Published on June 2, 2021

AHMEDABAD: Shirin Bano Patel, 22, is hooked to the heart monitor and other medical instruments at a post-operative ward in a private hospital of Ahmedabad. But her eyes are fixed on the tablet in front of her as she focuses to answer the multiple-choice questions (MCQs). It’s not a normal setting for the online exam but Shirin insisted her kidney transplant operation on May 28 was no excuse to miss her final year MCom exam on June 1!

Shirin’s is a story of determination and grit – about five years ago, she was detected with focal segmental glomerulosclerosis (FSGS), a rare kidney disease where the filtering units in kidneys stop working and lead to permanent kidney damage and kidney failure. She was on dialysis for more than four years after which the doctors told the family that she would require a transplant.

Dr Sonal Dalal, a city-based nephrologist, said that Shirin’s father donated kidney to her after he was found to be a good match. “It’s generally women who donate a kidney to men of the family – thus, we were pleasantly surprised when the father donated his kidney. Both are recuperating fine,” she said. “We were surprised when Shirin requested her to allow sitting in the exam – as she would be under observation for the next five days. But as her vitals were okay, we agreed.”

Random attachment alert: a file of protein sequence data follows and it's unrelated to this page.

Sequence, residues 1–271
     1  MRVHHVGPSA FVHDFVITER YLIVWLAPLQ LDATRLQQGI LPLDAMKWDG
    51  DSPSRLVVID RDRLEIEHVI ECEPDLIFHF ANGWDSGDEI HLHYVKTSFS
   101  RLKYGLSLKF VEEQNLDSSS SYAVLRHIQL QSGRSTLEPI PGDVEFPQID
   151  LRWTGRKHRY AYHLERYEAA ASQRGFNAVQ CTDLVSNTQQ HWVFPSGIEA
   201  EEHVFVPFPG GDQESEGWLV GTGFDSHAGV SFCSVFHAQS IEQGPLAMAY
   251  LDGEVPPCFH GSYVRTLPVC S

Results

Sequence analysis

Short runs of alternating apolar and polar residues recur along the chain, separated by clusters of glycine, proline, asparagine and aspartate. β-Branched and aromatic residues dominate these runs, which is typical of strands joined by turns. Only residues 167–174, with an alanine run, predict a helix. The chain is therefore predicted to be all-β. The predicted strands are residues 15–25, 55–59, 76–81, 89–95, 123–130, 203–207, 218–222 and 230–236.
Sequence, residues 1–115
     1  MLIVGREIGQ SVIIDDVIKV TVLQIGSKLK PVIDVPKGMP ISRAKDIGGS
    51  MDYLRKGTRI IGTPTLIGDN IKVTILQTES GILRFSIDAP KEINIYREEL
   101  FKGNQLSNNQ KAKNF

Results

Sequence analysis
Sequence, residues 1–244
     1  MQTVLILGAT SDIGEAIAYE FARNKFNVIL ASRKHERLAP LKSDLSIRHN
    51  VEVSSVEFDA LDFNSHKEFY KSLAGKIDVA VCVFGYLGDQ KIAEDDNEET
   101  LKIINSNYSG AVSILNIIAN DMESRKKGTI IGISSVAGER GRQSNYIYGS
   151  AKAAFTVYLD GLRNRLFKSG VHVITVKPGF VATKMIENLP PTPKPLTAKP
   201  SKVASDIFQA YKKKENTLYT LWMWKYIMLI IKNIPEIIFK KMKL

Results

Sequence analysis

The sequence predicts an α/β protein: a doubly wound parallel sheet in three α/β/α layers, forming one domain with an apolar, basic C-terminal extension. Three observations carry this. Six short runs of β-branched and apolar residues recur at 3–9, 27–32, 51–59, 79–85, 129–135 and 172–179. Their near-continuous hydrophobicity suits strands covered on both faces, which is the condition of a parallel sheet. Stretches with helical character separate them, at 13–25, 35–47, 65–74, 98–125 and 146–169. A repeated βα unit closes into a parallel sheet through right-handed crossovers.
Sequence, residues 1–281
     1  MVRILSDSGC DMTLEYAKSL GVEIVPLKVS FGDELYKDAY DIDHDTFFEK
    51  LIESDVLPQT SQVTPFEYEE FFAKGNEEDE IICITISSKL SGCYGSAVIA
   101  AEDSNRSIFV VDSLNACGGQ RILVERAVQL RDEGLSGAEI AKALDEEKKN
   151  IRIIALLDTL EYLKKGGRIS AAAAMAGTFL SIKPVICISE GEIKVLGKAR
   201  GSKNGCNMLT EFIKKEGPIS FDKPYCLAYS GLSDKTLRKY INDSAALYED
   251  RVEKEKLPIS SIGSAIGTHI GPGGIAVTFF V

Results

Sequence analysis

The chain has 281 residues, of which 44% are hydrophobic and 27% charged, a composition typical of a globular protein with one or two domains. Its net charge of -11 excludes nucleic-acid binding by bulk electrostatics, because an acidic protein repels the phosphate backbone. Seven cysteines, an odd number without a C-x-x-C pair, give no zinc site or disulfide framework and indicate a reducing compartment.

An MCom student of SLU Arts and H&P Thakor Commerce College for Women, it was not the first exam under duress for the Sarkhej resident. “It was a mock test for the upcoming finals, but it was mandatory for appearing in the final exam. As I had prepared the entire year, I did not want to miss out. In the first year, I had rushed to the exam halls after dialysis with medication. In the first year of BCom, I had missed the first semester exams due to the ailment and had appeared again,” recounts Shirin.

Namisha Gandhi, vice-president of Sterling Hospital, said hospital was touched by Shirin’s commitment. “When so many students take break on medical grounds annually, here is a girl who decided to appear for an exam after kidney transplant,” she said.

Shirin says she has her eyes on London. “My father runs an eatery on SG Road and my mother is a housewife. I am second among five daughters – and before me the best educated person in my family was my elder sister who studied up to class XII. Covid has hit my father’s business hard – but he has never stopped me from pursuing my dreams. I want to support my family – especially my sisters, as I wish to pursue financial or chartered accountancy in the UK where my uncle is settled,” she says. “I am not doing anything extraordinary – I believe I just have a good willpower and focus to achieve my goals.”

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